no, once they are out of the employ of a company they are not responsible forever… When you walk away or are fired, you owe that company NOTHING, with the exception as you mentioned of protecting the companies trade secrets, and that is subject to only a short time depending on any non-compete agreements between employee and employer.

  3. Folks put this into perspective, this request is coming from an organization belonging to a country that started off as a slave nation, and currently views torture as legal.

    Resistance will be futile and short termed. Believe me after a weekend at the lovely Guantanamo on the Bay resort many Apple engineers will be begging to write code for the government.

    It might now even have to get to that as I’m sure some of the men in black will be showing up with compromising info to the engineers, information that the engineers won’t want to have public. A little coercion in the morning is like a workout before breakfast. If there is no such information, well a little side dish of slander just adds to the overall delight.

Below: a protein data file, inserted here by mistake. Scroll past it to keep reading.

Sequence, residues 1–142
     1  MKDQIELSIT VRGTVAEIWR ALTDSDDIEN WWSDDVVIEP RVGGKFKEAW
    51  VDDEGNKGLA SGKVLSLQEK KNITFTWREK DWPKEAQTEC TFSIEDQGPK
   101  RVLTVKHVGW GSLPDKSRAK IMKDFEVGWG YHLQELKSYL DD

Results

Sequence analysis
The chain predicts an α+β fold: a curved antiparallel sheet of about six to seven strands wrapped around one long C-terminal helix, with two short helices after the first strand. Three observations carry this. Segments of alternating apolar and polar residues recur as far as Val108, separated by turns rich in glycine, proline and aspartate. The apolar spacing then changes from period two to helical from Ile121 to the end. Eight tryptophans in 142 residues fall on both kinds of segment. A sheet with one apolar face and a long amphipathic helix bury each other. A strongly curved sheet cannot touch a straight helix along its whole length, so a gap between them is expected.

I’ve pointed out the possibility that Apple may have to leave to a country of the free and civilized world, but that might not be a permanent solution as it would not surprise me to see representatives go to the United Nations and whine about a country having WMP (Weapons of Mass Privacy) until they decide to invade.

    I mean we are looking at the same country who is part of purposely thwarting the privacy of others as revealed by Snowden.

  4. I’m getting the idea that a lot of people in #MyStupidGovernment aren’t aware enough to realize they’re blundering around the edge of a black hole of totalitarianism. They’re insistent upon making life in the USA miserable.